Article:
Texas Court Strikes Down CFPB Policy Expanding UDAAP Authority to Prohibit Discrimination in Noncredit Financial Products and Services

Cooley alert
September 13, 2023

On September 8, 2023, the US District Court for the Eastern District of Texas ruled that the Consumer Financial Protection Bureau (CFPB) exceeded its authority when it announced via an update to its exam manual a new policy to consider as “unfair” certain discriminatory acts and practices – including with respect to offering noncredit products and services. In its ruling, the court vacated the CFPB’s exam manual update and enjoined the CFPB from enforcing the policy with respect to members of the plaintiff organizations that challenged the policy, which includes, among others, the US Chamber of Commerce and Consumer Bankers Association.

Challenged policy significantly expanded scope of CFPB’s antidiscrimination efforts

In its March 16, 2022, update to the unfair, deceptive, and abusive acts and practices (UDAAP) chapter of the exam manual, the CFPB offered examples of practices that may be “unfair” because they are discriminatory. This included giving inferior terms to one customer demographic as compared to another, offering more products or services to one customer demographic as compared to another, and engaging in targeted advertising or marketing in a discriminatory manner. While the CFPB traditionally has had authority, pursuant to the Equal Credit Opportunity Act (ECOA), to prohibit discrimination in the offering of credit products, the update to the exam manual indicated the CFPB also would assess noncredit offerings for discrimination. This would have included an assessment of potential discrimination with respect to institutions’ deployment of models, algorithms and decision-making processes, assessment of fees, and customer product usage, including with respect to noncredit products.

Court: CFPB’s decision to examine institutions for ’unfair‘ discrimination – including for products and services falling outside ECOA’s scope – exceeded its statutory authority

Relying on the major questions doctrine, the court considered whether Congress meant to confer upon the CFPB the power to examine institutions for unfair discrimination. The court determined that the CFPB’s decision had significant economic and political implications and, as such, the bureau’s action would need to be based upon a clear statement from Congress that the bureau should have such authority. The court found that the statutory definition of “unfairness” does not mention discrimination, is separate from other statutory provisions that do regulate discriminatory practices and has not historically been understood to encompass the power to prohibit discrimination. Thus, the court ruled that the CFPB’s updates to the exam manual, which directed examiners to look at discriminatory practices as “unfair,” exceeded the CFPB’s statutory authority.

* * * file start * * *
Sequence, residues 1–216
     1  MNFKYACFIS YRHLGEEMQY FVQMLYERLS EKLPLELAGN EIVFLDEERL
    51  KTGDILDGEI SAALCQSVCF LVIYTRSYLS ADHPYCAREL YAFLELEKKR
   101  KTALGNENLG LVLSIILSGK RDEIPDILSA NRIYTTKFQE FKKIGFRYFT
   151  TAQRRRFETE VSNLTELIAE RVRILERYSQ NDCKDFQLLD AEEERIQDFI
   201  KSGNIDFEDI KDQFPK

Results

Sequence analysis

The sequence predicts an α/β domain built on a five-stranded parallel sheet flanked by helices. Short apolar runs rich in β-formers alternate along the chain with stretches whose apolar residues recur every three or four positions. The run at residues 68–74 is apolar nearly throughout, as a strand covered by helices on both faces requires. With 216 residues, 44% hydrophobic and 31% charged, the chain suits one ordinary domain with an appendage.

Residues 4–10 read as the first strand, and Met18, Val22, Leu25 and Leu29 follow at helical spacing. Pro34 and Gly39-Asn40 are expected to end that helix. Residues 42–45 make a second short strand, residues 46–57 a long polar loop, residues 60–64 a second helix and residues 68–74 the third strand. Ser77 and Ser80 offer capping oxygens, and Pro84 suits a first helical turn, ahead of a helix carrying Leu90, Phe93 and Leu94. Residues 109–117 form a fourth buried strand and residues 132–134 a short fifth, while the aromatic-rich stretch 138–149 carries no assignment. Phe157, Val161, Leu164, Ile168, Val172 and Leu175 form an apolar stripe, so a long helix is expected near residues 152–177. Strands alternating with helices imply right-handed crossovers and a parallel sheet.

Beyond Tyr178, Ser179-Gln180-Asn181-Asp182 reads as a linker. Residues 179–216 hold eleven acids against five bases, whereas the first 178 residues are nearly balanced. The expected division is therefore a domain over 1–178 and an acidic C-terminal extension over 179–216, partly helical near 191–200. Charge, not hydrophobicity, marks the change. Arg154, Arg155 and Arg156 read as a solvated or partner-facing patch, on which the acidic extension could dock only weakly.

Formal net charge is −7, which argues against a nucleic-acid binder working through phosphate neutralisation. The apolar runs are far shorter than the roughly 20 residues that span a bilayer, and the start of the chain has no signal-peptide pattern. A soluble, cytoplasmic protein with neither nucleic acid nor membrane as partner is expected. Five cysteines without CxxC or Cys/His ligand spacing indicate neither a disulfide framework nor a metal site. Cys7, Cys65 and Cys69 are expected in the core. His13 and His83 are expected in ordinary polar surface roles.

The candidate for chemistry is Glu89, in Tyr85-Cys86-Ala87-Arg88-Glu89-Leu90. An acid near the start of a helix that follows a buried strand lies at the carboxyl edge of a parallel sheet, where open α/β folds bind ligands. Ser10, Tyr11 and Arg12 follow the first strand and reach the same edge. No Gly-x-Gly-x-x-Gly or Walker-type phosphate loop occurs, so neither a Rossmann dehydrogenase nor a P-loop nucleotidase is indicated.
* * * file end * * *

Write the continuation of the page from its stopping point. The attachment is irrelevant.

The court also followed the US Court of Appeals for the Fifth Circuit’s decision in Community Financial Services Association of America v. Consumer Financial Protection Bureau, ruling that the exam manual was invalid because the CFPB is unconstitutionally funded. While the court could have ceased its analysis on these grounds, the court nevertheless considered the exam manual updates on the basis of the major questions doctrine in light of the US Supreme Court’s pending review of the CFPB’s funding mechanism, which provided a compelling reason to reach at least one alternative ground for providing relief to the plaintiffs in this case.

What’s next?

The CFPB indicated on September 11, 2023, that it is reviewing its options for appeal, and noted on its website that the updated language in the UDAAP chapter is “no longer operative.” In other instances where the CFPB is litigating over the scope of its authority – and even while a Supreme Court decision looms as to its very constitutionality – the bureau has not withdrawn from regulatory, supervisory or enforcement activity in other jurisdictions except where it must (for example, with respect to its small business lending rule, where the bureau has stayed compliance only for plaintiffs and members of plaintiff organizations, in the case successfully challenging implementation of that rule). This decision is different than some others, however, because the injunction prohibits the CFPB from enforcing the manual against the members of the plaintiff organizations, while vacating the “rule” – in this case, the exam manual – is a more universal remedy that means the bureau should not continue to rely on it. But what it portends for future litigation and enforcement activities where this same theory has been applied remains to be seen. One thing is certain: Financial institutions will need to think carefully about their exam management approach and confer with counsel early about requests that implicate the ruling.

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